While many farmers have seen significant yield increases, some have tallied more modest gains. Montevideo, MN, farmer Steve Nokleby has experimented with twin-row corn for four years and has basically seen yields match those of single-row 30" crops.

“I originally built my own twin-row planter by bolting two together to create 7.5" spacings on 30" centers,” he says. “But I couldn't get the units set to stagger the seed correctly. In the winter of 2002, I bought a used, Kinze prototype twin-row planter and rebuilt it for the 2002 season. It staggered the seed correctly, but yields still averaged in the 160- to 180-bu range with seed populations of 32,000-35,000. And we had pretty near ideal growing conditions.”

Even without yield increases, Nokleby believes the system has merits. “We'll keep experimenting and I think eventually we'll see yield increases to justify the equipment,” he says. “The thing I like about twin rows vs. single narrow rows is that I don't need to buy a whole new line of equipment. I can harvest my twin rows with my standard eight-row corn head instead of buying a narrow-row head.”

While twin-row pioneers built their own planters, interested farmers today can buy planters right off dealers' lots. Great Plains Manufacturing, Inc., Salina, KS, offers several widths of drills, up to 40' wide, with singulated metering systems. The twin-row units can be used to plant a variety of crops. That's the case with twin-row Monosem planters, sold by ATI, Inc., in Lenexa, KS. The company offers a number of twin-row models, including a 12-row unit.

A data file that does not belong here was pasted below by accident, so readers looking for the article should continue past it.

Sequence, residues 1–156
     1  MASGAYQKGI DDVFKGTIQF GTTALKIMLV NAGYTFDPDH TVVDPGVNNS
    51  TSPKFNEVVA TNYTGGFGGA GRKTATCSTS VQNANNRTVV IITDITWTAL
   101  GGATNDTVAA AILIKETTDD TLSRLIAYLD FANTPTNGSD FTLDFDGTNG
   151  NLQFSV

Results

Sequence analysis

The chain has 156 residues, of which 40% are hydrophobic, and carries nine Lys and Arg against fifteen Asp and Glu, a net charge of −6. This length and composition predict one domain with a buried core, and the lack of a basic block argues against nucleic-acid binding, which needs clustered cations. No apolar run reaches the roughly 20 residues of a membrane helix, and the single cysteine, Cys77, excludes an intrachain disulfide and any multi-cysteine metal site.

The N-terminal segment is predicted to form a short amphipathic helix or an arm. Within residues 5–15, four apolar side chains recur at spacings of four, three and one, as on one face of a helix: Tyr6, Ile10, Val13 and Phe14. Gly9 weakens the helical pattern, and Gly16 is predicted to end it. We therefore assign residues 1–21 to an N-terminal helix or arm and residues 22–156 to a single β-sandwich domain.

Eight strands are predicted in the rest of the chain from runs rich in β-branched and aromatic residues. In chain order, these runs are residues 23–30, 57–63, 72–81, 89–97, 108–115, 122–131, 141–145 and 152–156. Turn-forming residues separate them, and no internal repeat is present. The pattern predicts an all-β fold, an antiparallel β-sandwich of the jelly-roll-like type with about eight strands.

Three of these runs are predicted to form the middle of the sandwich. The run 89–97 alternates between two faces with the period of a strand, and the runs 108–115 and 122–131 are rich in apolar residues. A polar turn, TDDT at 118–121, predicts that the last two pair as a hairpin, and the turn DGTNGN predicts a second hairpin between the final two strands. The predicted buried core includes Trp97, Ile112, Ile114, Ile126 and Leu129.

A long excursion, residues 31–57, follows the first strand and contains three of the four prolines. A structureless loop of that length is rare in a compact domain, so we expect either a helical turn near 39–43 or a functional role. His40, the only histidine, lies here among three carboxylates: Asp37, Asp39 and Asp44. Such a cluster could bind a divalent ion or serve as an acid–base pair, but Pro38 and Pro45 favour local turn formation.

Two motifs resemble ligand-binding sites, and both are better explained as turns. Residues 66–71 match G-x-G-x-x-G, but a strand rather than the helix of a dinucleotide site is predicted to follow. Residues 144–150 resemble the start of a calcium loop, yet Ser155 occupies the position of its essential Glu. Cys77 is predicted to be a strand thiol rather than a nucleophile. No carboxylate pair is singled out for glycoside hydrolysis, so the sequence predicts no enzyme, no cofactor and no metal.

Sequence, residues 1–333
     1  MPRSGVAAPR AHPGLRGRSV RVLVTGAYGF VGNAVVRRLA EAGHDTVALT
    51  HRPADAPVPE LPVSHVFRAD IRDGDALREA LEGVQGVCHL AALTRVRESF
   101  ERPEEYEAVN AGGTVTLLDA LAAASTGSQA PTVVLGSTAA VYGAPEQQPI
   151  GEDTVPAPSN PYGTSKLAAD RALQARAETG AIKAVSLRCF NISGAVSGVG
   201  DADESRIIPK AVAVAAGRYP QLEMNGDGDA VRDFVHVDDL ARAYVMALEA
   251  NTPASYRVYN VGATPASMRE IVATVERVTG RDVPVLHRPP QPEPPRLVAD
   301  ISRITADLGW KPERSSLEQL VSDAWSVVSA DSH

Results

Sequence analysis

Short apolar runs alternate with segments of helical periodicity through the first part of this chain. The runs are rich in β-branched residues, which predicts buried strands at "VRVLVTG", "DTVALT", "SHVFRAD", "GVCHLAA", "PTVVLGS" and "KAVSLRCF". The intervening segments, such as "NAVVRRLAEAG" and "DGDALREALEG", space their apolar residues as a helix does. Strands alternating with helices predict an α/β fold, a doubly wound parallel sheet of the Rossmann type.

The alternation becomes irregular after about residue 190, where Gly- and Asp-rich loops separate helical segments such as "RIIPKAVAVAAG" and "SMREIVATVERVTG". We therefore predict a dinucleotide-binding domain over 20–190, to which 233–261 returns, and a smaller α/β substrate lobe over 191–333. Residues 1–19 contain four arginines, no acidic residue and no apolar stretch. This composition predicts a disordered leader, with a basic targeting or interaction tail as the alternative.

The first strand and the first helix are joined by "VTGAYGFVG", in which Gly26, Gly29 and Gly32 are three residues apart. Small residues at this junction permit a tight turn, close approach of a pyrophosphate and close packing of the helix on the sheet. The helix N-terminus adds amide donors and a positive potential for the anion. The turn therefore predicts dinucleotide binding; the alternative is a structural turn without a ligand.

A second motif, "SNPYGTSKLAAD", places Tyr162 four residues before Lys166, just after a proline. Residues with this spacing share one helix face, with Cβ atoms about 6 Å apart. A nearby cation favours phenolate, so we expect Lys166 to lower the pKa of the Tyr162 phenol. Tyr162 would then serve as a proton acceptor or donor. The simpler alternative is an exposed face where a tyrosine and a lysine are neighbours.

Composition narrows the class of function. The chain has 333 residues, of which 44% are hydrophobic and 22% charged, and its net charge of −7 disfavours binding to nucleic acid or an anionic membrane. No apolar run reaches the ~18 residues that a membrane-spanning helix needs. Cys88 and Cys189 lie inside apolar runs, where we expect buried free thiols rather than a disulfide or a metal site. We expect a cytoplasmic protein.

Both companies have found strong interest in their planters from farmers coast to coast and all areas between.

“Quite a few dairy farmers on the West Coast have bought our twin-row planters. And farmers on the East Coast use them for vegetable crops as well as corn and soybeans,” says Tom Evans, vice president of sales for Great Plains. “We're also starting to see quite a bit of interest from cotton and rice farmers.”

The difference between single- and twin-row corn plants is dramatic, says Evans. “We measured stalk diameters last year. In the same field with the same hybrids at the same population, the average stalk diameter of plants in the single rows was 5/16"; in the twin rows it was 1 1/16",” he says. Nebraska's Carstens has seen similar differences in his comparisons.

“We found the root mass of the twin rows was two to three times bigger than the single rows,” Evans says.

Monosem planters originally found a strong twin-row market among peanut farmers, according to ATI's Don Niehs. “Those same farmers also grow corn and soybeans and started asking why the planters wouldn't work there as well. Our customers also have seen yield increases in crops such as field and silage corn, soybeans cotton and milo,” he says.

Planters sold by ATI match European technology (the Monosem vacuum planter units) with Midwest-sized equipment. Farmers thinking about buying twin-row planters need to be ready for sticker shock. “You need to remember, you're really pricing a 24-row planter,” Niehs says.